You’re riding through mountainous territory so expect – or at least hope for – big views, but also a reasonable amount of climbing. Make sure you’ve got the gears for that and any potential luggage you’re carrying too.

4. Coast to Coast

Coast to Coast sign

Coast to Coast signage

One of the UK’s most popular cycling routes, this 138-mile Coast to Coast (C2C) route starts at either Whitehaven or Workington and gives you two possible finishing points on the North Sea Coast in Sunderland or Tynemouth. The majority of route options follow the National Cycle Network apart from some sections of the Whitehaven to Sunderland route.

Ride west to east with the prevailing wind, unless you want to make the route more challenging. You’re crossing the watershed between the North and Irish seas so there will be hills, but it’s worth it as you pass through the industrial, agricultural and natural landscapes of the north of England.

5. Isle of Wight circular

Isle of Wight circular 

Pit stop on the Isle of Wight circular (photo: Sam Jones)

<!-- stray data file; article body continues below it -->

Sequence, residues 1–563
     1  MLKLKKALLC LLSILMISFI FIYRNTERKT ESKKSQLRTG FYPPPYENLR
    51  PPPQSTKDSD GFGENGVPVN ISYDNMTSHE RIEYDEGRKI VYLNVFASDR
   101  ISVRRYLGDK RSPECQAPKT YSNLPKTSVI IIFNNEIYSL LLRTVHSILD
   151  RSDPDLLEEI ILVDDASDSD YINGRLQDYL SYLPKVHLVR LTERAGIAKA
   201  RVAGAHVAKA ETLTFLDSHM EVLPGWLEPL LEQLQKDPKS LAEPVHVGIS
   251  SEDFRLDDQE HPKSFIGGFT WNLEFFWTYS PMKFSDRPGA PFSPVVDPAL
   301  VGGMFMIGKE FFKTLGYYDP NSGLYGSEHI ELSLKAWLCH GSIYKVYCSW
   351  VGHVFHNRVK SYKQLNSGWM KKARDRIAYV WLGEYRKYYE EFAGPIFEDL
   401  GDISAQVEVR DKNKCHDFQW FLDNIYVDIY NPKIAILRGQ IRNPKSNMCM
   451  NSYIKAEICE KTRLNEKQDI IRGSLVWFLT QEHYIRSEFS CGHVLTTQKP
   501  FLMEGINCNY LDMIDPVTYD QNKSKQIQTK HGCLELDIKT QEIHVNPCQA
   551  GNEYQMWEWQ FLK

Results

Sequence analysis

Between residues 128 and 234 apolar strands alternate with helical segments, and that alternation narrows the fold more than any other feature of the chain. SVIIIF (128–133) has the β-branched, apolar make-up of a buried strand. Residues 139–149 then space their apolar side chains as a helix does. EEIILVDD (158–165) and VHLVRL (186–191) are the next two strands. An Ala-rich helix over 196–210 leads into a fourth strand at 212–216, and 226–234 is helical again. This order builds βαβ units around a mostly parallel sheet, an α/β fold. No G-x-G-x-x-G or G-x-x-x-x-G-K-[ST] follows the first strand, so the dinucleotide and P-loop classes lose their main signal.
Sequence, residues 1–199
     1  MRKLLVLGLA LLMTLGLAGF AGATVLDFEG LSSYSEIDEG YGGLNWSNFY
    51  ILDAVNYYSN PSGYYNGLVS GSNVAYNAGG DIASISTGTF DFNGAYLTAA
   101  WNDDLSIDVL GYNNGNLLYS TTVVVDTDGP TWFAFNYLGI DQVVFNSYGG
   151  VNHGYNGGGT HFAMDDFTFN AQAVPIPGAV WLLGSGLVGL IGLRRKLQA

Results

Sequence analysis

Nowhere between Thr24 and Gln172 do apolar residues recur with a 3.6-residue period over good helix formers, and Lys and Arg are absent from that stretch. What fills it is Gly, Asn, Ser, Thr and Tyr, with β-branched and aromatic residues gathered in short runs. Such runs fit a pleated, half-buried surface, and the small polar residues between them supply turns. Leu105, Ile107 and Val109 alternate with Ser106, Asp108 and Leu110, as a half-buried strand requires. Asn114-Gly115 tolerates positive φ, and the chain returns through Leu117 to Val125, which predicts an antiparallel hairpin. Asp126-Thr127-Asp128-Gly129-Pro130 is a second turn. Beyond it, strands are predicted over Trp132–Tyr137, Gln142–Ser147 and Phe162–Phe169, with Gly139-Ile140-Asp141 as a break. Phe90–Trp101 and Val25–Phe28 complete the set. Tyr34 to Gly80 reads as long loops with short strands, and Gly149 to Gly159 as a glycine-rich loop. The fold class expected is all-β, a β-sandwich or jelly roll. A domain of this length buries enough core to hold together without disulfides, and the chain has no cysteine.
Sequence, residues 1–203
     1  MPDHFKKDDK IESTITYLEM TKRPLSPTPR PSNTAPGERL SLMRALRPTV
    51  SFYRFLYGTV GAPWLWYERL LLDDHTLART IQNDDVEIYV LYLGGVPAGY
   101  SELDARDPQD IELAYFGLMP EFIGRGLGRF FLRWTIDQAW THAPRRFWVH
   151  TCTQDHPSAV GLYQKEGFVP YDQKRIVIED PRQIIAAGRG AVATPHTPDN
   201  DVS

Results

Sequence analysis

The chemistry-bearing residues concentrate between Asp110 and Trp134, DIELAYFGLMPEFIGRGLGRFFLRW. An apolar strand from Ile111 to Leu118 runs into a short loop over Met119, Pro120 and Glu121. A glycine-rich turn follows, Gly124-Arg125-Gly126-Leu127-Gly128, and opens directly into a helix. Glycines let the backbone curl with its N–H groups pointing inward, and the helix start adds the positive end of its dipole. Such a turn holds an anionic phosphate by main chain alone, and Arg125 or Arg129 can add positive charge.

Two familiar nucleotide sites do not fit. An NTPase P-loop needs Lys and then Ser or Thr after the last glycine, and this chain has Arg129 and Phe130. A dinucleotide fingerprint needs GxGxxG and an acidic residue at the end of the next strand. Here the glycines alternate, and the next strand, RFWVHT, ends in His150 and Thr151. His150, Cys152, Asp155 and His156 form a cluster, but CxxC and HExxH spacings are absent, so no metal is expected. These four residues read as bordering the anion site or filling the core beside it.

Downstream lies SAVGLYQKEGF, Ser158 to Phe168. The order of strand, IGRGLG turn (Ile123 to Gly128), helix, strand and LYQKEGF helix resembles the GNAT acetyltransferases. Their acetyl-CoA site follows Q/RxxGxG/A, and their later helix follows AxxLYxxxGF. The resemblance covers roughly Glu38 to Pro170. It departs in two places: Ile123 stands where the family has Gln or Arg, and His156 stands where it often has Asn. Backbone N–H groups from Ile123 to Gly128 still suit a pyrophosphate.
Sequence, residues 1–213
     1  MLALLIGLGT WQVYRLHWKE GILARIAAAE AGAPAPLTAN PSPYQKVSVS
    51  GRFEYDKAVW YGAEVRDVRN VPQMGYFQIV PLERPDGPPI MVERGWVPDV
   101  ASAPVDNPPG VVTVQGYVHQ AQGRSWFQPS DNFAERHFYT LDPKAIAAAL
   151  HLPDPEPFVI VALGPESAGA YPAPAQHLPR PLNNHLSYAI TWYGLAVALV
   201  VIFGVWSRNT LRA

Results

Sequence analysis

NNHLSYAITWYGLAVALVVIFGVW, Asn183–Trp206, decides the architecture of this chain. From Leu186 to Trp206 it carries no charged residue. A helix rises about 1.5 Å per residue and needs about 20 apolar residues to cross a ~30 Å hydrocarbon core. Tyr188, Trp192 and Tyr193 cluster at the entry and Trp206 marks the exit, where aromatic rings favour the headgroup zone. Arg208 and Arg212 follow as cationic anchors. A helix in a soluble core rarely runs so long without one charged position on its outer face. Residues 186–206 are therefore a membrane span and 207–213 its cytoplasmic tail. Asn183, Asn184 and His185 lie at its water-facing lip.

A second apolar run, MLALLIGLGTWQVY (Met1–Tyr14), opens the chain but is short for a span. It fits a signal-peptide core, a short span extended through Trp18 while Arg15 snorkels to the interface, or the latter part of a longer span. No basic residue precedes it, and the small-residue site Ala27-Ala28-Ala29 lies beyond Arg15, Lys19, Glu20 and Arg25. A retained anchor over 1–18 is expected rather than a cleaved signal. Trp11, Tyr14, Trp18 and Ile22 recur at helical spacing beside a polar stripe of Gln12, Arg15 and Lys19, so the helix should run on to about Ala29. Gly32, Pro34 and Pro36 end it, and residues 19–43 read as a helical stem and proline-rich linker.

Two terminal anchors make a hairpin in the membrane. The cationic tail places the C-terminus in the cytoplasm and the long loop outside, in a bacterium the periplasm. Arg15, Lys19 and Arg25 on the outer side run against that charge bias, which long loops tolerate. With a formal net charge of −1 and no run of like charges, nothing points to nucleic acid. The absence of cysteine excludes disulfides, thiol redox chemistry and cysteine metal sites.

A shade over 68-miles, the Isle of Wight loop is achievable in one day, but most will find it far more satisfying to split it over two as you head off from Ryde. Reportedly blessed as the most sunny part of the UK, your tour of the island is mostly along quiet lanes, apart from a stretch along the undulating old military road on the SW of the island.

There are some stretches of off-road cycle path from Freshwater to Yarmouth, but skinny tyres while not ideal shouldn’t struggle overly on this perfect weekender. If you’re down longer and fancy a longer tour, your can always take the ferry from Yarmouth (to Lymington) or Newtown (to Southampton) and explore further afield on the mainland. One bit of advice if you’re travelling by train, book your ticket to Ryde rather than Portsmouth and that will save you ferry fare.